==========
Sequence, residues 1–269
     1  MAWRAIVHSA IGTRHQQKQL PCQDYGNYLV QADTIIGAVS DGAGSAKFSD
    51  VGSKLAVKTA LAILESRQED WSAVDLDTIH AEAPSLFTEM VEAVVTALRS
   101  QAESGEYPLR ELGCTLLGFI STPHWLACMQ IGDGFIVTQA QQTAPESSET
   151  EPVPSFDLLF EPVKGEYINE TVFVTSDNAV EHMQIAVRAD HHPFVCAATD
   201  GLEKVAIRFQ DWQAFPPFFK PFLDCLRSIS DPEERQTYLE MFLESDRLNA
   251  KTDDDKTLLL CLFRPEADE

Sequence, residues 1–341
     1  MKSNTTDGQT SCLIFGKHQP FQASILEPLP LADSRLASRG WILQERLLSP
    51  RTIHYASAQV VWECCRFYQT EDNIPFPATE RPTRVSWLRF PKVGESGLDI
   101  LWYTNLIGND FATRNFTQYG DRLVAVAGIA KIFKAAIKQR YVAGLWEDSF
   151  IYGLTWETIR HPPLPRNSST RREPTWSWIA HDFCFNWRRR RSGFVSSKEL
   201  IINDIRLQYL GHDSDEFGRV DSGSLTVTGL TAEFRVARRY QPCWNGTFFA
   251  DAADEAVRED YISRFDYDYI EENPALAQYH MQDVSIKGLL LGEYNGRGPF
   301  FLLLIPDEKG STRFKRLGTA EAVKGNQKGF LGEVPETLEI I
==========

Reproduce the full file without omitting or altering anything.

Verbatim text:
Sequence, residues 1–269
     1  MAWRAIVHSA IGTRHQQKQL PCQDYGNYLV QADTIIGAVS DGAGSAKFSD
    51  VGSKLAVKTA LAILESRQED WSAVDLDTIH AEAPSLFTEM VEAVVTALRS
   101  QAESGEYPLR ELGCTLLGFI STPHWLACMQ IGDGFIVTQA QQTAPESSET
   151  EPVPSFDLLF EPVKGEYINE TVFVTSDNAV EHMQIAVRAD HHPFVCAATD
   201  GLEKVAIRFQ DWQAFPPFFK PFLDCLRSIS DPEERQTYLE MFLESDRLNA
   251  KTDDDKTLLL CLFRPEADE

Sequence, residues 1–341
     1  MKSNTTDGQT SCLIFGKHQP FQASILEPLP LADSRLASRG WILQERLLSP
    51  RTIHYASAQV VWECCRFYQT EDNIPFPATE RPTRVSWLRF PKVGESGLDI
   101  LWYTNLIGND FATRNFTQYG DRLVAVAGIA KIFKAAIKQR YVAGLWEDSF
   151  IYGLTWETIR HPPLPRNSST RREPTWSWIA HDFCFNWRRR RSGFVSSKEL
   201  IINDIRLQYL GHDSDEFGRV DSGSLTVTGL TAEFRVARRY QPCWNGTFFA
   251  DAADEAVRED YISRFDYDYI EENPALAQYH MQDVSIKGLL LGEYNGRGPF
   301  FLLLIPDEKG STRFKRLGTA EAVKGNQKGF LGEVPETLEI I